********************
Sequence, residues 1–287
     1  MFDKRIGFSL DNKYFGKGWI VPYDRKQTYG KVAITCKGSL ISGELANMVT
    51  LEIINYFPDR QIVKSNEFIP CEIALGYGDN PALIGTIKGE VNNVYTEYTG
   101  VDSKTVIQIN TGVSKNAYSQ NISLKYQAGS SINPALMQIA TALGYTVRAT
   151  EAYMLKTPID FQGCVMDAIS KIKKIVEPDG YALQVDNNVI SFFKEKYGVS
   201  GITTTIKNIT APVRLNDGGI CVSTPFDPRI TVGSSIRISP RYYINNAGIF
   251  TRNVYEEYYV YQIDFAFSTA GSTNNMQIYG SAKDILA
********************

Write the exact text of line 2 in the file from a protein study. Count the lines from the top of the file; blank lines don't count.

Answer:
     1  MFDKRIGFSL DNKYFGKGWI VPYDRKQTYG KVAITCKGSL ISGELANMVT